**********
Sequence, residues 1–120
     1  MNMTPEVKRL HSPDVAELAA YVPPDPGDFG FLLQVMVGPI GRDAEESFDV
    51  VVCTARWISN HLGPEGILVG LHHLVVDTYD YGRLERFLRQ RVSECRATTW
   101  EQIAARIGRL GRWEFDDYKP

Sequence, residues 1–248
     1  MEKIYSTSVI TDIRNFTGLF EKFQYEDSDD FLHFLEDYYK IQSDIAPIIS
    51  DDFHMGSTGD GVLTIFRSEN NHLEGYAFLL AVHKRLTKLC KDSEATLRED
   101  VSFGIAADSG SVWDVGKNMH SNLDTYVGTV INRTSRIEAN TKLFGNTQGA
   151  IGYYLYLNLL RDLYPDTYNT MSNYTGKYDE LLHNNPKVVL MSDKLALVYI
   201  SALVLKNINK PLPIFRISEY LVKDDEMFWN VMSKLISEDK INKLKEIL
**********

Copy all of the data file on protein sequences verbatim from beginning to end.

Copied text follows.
Sequence, residues 1–120
     1  MNMTPEVKRL HSPDVAELAA YVPPDPGDFG FLLQVMVGPI GRDAEESFDV
    51  VVCTARWISN HLGPEGILVG LHHLVVDTYD YGRLERFLRQ RVSECRATTW
   101  EQIAARIGRL GRWEFDDYKP

Sequence, residues 1–248
     1  MEKIYSTSVI TDIRNFTGLF EKFQYEDSDD FLHFLEDYYK IQSDIAPIIS
    51  DDFHMGSTGD GVLTIFRSEN NHLEGYAFLL AVHKRLTKLC KDSEATLRED
   101  VSFGIAADSG SVWDVGKNMH SNLDTYVGTV INRTSRIEAN TKLFGNTQGA
   151  IGYYLYLNLL RDLYPDTYNT MSNYTGKYDE LLHNNPKVVL MSDKLALVYI
   201  SALVLKNINK PLPIFRISEY LVKDDEMFWN VMSKLISEDK INKLKEIL